PAs, NPs Seeing Significant Medicare Payment Growth
Nonphysician practitioners (NPP) such as physician assistants (PA) and nurse practitioners (NP) are helping expand healthcare access and optimize physician efficiency. And according to Medicare billing records, NPPs have certainly stepped up to the plate. In particular, 15 percent more NPs and 11 percent more PAs received Medicare payments in 2013 than 2012 for all types of care, USA Today reported. Meanwhile, 5 percent fewer physicians received payments from the program. Overall, Medicare payments in 2013 totaled $1.5 billion for roughly 65,000 NPs and $1 billion for close to 50,000 PAs, representing payment increases of 16 percent and 12 percent, respectively, while physicians saw total payments drop 7.6 percent. Click here for the USA Today report.
- The American Academy of Family Physicians is calling upon major insurers to revisit how they reimburse for primary care physicians consulting with hospitalists caring for their patients. Click here for details.
Major Post-Acute Care Value-Based Purchasing Bill Introduced
Senior Ways and Means Committee members last week introduced bipartisan legislation that would establish a value-based purchasing program across four setting in Medicare – home health, skilled nursing, inpatient rehab and long-term-care hospitals. To address the geographic variation in post-acute services, the PAC VBP bill focuses performance around one quality metric—the Medicare Spending per Beneficiary measure. The PAC VBP bill establishes a shared incentive pool for the four provider types. All four post-acute settings will compete with each other to earn bonus payments. Click here for a one-page description. Click here for a section-by-section.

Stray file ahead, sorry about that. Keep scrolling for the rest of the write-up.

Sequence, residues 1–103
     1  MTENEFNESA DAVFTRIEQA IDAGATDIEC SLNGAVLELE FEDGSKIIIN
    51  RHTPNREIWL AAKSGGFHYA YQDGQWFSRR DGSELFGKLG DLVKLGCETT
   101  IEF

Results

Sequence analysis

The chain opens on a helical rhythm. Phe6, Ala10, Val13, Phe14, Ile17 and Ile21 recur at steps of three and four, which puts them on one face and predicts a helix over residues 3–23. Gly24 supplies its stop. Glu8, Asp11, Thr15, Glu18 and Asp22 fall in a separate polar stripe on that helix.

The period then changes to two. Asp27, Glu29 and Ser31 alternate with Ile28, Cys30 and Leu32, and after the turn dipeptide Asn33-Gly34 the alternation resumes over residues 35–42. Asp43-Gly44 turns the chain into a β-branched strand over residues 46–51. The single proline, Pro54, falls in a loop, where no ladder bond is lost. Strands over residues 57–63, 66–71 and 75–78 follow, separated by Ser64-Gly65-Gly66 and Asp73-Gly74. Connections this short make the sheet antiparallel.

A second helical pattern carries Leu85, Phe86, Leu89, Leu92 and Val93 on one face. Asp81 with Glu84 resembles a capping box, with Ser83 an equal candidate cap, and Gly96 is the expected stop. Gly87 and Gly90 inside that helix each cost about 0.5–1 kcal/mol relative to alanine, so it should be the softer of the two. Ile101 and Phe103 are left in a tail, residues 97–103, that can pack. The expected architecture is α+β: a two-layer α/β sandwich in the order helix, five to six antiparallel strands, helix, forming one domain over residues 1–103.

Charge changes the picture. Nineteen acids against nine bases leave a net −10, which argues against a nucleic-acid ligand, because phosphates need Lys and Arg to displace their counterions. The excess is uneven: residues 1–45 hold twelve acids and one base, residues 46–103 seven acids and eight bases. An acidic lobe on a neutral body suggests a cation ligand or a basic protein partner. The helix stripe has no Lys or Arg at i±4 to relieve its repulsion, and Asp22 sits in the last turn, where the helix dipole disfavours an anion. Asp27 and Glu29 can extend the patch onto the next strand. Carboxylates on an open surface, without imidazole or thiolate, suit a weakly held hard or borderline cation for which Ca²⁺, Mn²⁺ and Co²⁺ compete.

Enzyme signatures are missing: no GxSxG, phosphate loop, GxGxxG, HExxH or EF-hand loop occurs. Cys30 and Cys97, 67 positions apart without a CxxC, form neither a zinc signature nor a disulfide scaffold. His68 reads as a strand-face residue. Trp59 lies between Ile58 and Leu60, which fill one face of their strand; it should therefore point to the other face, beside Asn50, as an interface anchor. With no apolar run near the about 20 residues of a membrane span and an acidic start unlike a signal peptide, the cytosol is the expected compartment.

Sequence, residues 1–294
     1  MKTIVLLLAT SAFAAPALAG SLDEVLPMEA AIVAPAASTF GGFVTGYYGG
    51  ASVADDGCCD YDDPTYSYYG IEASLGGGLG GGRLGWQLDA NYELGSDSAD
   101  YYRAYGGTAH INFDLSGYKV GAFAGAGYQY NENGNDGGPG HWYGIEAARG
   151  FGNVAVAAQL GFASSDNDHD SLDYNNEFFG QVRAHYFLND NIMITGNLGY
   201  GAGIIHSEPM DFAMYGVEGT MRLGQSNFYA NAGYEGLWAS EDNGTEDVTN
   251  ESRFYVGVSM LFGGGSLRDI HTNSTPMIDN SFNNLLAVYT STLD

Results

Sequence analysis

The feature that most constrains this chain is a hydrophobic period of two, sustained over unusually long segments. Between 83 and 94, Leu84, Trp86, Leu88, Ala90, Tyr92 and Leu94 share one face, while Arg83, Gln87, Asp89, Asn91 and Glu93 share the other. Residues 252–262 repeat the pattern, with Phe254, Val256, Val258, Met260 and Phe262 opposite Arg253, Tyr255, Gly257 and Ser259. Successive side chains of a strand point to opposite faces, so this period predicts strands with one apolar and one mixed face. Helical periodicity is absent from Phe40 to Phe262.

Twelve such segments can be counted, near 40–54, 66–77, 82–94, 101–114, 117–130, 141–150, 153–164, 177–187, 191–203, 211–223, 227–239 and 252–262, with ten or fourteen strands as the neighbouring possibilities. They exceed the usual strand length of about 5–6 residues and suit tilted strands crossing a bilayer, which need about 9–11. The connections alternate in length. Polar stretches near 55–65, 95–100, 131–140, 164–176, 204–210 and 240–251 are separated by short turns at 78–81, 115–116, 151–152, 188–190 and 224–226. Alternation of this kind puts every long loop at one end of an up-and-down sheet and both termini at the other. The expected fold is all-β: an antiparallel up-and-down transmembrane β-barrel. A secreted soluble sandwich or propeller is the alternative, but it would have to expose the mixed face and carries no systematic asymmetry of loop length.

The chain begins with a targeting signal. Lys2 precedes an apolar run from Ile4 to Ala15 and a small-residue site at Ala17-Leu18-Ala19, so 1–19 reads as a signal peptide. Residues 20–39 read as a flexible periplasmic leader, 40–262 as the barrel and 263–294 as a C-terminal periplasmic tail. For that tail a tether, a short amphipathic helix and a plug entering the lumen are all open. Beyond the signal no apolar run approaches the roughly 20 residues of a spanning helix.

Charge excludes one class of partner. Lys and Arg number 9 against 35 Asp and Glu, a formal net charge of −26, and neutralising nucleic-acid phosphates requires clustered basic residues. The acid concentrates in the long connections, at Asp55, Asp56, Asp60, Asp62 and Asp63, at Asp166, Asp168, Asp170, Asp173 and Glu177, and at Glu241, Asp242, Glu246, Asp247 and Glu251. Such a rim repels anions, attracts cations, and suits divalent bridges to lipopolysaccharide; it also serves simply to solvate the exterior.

Consumer Reports Releases Ratings for Hospital Infections
Consumer Reports’ hospital ratings is out with an updated report that, for the first time, include information on MRSA and C. diff infections, based on data hospitals submit to the CDC. According to their report, three out of 10 hospitals got one of our two lowest scores for keeping C. diff in check; four out of 10 got low marks for avoiding MRSA. Only 6 percent of hospitals scored well against both infections. Click here for the report. Reviewing actual hospital ratings requires a subscription.
- US News released its 2015-2016 Best Hospitals rankings two weeks ago. Massachusetts General topped the list, edging out the Mayo Clinic. Click here for the 2015-2016 rankings. Click here for the regional rankings.
- Out of more than 2,200 eligible U.S. hospitals, only 338 made it to this year’s Most Wired list, demonstrating some of the most advanced health IT use and adoption in the nation. Check out the full list of winners here.
Cerner Wins Multi-Billion Dollar Defense Department EHR Contract